How To Cure Shallots Using The Best Method

how to cure shallots
how to cure shallots

Shallots are flavor-enhancing vegetables from the allium family of vegetables. They are native to central Asia and often mistaken for onions as both have similar appearance and taste.

They have a relatively milder flavor than onions and are a great addition to any recipe that calls for onions. They have a round shape and papery skin and are often grown in clusters.

Thanks to their amazing health benefits, shallots are widely consumed by people all over the world. For starters, they help reduce the cholesterol level in your body.


Their high potassium content makes them a perfect choice for people suffering from high blood pressure. Furthermore, they also benefit your heart and keep heart diseases at bay.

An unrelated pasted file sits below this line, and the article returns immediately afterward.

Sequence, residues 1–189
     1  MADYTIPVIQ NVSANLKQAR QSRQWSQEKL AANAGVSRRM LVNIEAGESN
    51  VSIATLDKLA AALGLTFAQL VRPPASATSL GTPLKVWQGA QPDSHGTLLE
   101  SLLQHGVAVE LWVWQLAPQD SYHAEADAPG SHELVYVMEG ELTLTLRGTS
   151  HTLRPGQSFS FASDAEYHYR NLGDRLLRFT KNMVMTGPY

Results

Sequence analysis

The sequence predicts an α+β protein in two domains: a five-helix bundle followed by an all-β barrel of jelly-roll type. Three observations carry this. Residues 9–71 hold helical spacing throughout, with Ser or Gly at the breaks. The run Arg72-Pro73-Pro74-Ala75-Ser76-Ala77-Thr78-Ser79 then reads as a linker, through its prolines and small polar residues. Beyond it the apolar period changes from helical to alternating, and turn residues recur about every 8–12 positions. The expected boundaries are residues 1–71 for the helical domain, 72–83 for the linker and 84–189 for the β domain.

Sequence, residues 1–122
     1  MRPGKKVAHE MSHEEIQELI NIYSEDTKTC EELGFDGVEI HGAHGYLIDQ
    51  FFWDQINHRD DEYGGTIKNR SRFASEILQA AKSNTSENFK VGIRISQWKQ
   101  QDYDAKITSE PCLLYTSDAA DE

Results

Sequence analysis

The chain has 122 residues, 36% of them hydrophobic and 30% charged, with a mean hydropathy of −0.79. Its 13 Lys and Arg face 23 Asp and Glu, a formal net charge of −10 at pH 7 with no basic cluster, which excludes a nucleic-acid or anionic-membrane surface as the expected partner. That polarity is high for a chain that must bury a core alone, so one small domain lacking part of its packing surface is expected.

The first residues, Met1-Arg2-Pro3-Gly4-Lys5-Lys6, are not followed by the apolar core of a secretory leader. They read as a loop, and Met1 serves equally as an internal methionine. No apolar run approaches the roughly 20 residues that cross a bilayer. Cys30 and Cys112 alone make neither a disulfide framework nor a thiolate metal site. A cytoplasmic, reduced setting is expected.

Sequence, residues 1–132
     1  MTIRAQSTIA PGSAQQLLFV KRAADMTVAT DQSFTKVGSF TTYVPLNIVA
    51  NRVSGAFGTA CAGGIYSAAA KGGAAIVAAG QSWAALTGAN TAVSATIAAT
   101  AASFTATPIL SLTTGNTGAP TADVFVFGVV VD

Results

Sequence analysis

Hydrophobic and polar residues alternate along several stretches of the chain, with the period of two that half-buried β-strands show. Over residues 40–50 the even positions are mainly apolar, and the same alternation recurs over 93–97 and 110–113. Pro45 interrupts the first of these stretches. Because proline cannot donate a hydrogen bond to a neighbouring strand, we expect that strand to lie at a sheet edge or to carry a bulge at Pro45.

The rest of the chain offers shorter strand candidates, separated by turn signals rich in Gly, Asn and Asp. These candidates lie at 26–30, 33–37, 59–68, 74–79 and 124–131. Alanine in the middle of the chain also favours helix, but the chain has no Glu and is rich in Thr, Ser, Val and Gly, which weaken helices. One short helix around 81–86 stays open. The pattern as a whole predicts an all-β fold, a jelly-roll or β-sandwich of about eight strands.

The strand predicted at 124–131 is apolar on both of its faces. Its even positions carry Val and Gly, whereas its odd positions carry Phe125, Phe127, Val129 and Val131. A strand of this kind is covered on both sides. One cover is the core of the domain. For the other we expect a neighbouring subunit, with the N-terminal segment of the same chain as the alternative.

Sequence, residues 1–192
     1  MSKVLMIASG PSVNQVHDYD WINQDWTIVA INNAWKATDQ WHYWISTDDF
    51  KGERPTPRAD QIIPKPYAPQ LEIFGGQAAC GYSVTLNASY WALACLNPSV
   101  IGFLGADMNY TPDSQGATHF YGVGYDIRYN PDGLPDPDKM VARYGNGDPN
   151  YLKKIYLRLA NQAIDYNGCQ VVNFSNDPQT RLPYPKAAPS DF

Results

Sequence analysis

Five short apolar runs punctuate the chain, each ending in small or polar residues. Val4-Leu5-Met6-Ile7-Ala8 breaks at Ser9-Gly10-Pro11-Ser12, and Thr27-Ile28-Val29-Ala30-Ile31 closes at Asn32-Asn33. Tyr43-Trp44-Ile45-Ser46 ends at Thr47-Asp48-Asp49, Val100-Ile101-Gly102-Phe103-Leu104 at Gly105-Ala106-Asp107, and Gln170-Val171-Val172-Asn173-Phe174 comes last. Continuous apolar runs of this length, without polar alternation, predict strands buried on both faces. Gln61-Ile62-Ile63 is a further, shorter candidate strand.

With that out of the way, like every other vegetable, shallots must be grown, harvested, and stored properly for the best results. Curing is an important process if you are to store them for a long period. Proper curing can extend the shelf life of your shallots, and you can store them for up to eight months.

However, many gardeners are unsure about the curing process and do not know how to store shallots. In this article, we will tell you how to cure shallots the right way for maximum shelf life. Let’s dig deeper!

How To Cure Shallots Using The Best Method

Separating the shallots is the first step of curing. As mentioned earlier, shallots grow in clusters. So, you will need to separate individual shallots from the cluster to cure them. They easily come off, and you won’t have to apply much force.